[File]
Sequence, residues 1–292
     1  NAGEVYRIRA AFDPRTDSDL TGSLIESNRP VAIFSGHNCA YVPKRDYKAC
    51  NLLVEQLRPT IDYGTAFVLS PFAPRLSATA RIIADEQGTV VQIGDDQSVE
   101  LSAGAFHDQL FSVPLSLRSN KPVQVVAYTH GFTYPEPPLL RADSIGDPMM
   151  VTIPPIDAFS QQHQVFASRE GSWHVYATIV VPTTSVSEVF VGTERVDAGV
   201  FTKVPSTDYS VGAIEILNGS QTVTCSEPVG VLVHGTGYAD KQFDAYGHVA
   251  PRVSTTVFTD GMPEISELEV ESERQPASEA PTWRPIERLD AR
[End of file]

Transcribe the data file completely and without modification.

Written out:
Sequence, residues 1–292
     1  NAGEVYRIRA AFDPRTDSDL TGSLIESNRP VAIFSGHNCA YVPKRDYKAC
    51  NLLVEQLRPT IDYGTAFVLS PFAPRLSATA RIIADEQGTV VQIGDDQSVE
   101  LSAGAFHDQL FSVPLSLRSN KPVQVVAYTH GFTYPEPPLL RADSIGDPMM
   151  VTIPPIDAFS QQHQVFASRE GSWHVYATIV VPTTSVSEVF VGTERVDAGV
   201  FTKVPSTDYS VGAIEILNGS QTVTCSEPVG VLVHGTGYAD KQFDAYGHVA
   251  PRVSTTVFTD GMPEISELEV ESERQPASEA PTWRPIERLD AR